- The Washington Times - Sunday, April 16, 2006

MIAMI — As bad as the last two weeks have been for the Washington Nationals, there are still occasional reminders that not everything is wrong with this downtrodden club.

They just have been too few and far between to date.

Not last night. When John Patterson struck out 13 Florida Marlins batters en route to a 2-1 victory, it allowed the Nationals and their frustrated fans to remember, if only briefly, that not all hope is lost. Whatever happens this season, Washington can take solace in the fact that Patterson will be pitching every fifth day.

And if he keeps pitching like this — allowing one run on three hits over eight spectacular innings while matching his career high in strikeouts — the Nationals (3-9) actually might have a chance to win a few ballgames.

“I can’t emphasize how badly we needed that,” said manager Frank Robinson, whose club snapped a six-game losing streak. “And it came at the right time.”

Said Patterson: “It was a big game for everybody tonight. We needed that.”

Of course, Patterson’s effort last night would not have been enough without help from closer Chad Cordero, left fielder Alfonso Soriano and second baseman Brendan Harris.

Soriano capped Patterson’s evening by gunning down pinch-hitter Wes Helms trying to stretch a base hit off the left-field wall into a double in the eighth. One inning later, Cordero came on to record his long-awaited first save of the season, one that would not have been possible without Harris’ fully extended grab of Josh Willingham’s liner with two outs and two on.

“I think I’m going to have to go out and buy him a dinner,” Cordero said of Harris, who was filling in at second while Jose Vidro recovers from a hamstring injury.

Said Harris of his game-saving catch: “Luckily, I timed it right at the peak of my jump. That was about as high as I was going to get.”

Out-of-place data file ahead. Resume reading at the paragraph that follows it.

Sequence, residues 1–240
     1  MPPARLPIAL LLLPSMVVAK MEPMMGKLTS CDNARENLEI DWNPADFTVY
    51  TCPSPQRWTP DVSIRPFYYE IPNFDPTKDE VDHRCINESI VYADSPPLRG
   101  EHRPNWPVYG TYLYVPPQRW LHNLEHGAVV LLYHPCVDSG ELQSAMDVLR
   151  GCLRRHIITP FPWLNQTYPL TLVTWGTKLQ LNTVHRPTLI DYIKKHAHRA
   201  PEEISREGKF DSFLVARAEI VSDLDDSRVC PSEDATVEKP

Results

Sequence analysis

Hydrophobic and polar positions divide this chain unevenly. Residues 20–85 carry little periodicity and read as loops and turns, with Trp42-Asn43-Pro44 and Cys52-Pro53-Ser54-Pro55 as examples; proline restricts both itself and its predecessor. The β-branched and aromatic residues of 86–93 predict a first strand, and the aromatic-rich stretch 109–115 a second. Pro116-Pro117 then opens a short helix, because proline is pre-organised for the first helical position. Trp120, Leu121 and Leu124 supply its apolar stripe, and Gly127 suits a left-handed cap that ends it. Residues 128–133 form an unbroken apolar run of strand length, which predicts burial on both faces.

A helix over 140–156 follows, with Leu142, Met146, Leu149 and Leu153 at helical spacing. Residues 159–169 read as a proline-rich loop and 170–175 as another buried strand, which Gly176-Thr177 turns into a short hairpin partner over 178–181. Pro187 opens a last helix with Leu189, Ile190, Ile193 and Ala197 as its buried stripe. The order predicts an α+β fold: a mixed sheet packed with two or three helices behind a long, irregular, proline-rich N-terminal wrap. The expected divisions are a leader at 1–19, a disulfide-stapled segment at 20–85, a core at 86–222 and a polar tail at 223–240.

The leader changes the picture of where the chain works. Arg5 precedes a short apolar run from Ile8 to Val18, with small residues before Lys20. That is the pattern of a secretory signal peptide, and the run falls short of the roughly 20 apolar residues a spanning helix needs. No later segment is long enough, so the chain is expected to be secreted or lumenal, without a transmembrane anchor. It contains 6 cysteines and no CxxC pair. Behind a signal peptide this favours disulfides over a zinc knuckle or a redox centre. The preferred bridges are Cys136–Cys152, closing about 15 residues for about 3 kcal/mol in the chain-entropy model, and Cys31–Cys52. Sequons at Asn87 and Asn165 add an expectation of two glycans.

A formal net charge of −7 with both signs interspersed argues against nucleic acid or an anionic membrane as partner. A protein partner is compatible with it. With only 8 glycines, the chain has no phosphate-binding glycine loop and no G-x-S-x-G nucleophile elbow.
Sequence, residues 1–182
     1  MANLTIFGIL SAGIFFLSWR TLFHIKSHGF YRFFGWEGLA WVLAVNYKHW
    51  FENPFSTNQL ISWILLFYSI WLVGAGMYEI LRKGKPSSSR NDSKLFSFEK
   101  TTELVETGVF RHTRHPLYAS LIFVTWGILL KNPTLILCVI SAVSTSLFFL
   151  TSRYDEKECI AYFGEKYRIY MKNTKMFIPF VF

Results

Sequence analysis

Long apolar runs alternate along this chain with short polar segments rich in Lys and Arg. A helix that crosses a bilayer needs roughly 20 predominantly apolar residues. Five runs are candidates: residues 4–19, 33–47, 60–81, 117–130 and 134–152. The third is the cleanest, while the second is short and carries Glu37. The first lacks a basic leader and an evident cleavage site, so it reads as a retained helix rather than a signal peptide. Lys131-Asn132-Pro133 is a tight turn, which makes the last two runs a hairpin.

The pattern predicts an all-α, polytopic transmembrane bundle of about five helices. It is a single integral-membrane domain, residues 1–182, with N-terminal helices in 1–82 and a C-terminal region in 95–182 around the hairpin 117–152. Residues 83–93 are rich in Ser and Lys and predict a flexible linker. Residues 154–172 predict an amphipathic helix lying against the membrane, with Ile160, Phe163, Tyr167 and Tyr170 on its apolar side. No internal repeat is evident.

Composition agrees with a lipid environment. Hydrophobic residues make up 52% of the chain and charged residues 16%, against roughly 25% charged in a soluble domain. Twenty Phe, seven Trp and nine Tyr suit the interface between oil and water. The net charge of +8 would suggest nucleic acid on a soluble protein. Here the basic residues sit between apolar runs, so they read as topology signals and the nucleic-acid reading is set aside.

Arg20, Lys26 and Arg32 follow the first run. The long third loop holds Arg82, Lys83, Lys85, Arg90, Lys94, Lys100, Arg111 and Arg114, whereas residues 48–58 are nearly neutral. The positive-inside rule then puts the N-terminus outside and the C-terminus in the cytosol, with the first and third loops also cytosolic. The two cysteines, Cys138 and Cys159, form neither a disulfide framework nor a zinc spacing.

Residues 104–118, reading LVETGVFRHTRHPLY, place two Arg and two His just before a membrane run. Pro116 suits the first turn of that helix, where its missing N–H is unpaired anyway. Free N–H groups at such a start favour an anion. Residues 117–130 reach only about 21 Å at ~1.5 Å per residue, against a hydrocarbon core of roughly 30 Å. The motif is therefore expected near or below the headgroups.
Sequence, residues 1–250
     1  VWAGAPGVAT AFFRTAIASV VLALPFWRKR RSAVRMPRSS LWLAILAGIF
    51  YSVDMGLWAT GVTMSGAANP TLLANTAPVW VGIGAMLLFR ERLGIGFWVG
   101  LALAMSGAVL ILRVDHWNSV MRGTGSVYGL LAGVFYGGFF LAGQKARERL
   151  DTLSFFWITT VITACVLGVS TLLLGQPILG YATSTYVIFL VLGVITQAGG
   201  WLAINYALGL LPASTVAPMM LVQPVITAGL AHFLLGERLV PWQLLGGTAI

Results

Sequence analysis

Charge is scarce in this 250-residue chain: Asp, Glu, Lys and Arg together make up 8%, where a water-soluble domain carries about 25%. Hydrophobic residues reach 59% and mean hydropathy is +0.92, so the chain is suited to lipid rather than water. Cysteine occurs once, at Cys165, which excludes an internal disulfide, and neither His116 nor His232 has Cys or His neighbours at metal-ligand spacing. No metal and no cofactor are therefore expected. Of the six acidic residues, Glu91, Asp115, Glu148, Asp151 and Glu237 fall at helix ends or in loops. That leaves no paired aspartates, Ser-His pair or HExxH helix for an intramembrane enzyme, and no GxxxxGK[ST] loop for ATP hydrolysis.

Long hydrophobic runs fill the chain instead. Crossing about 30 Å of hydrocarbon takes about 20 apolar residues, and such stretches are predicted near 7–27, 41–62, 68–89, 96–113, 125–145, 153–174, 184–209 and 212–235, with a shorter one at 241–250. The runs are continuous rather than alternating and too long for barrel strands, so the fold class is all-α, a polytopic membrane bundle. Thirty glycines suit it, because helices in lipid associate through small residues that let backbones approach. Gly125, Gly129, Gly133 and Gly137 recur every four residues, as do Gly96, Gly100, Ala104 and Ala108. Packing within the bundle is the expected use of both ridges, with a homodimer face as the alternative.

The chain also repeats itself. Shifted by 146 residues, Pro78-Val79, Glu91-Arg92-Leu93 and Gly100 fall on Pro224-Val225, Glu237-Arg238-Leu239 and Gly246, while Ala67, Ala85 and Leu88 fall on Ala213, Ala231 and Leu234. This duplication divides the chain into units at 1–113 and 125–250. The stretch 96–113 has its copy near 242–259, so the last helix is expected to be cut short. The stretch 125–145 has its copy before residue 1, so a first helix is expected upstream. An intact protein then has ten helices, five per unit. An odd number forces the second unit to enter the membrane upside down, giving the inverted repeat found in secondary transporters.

Harris was speaking in the literal sense, but he might well have been referring figuratively to Patterson’s pitching performance. It’s hard to imagine the tall right-hander being any higher than he was in this one.

The Nationals hadn’t seen this side of Patterson yet this season; he gave up a combined seven runs in 10 innings through his first two starts. But he was coming off an outstanding spring, and it figured to be only a matter of time before he put it all together in a regular-season game.

From the start, it was obvious Patterson (1-0) was in top form. He struck out six of the first seven batters he faced, five of them on called third strikes, several of them on what Marlins cleanup hitter Mike Jacobs referred to as a “Bugs Bunny curveball.”

If those sharp-breaking benders weren’t a sign the right-hander was in a groove, it’s hard to imagine what would have been.

“When I came to the ballpark today, I had a feeling,” he said. “I don’t mean that to sound cocky or anything, but I had a good feeling today. I was real relaxed. I felt good.”

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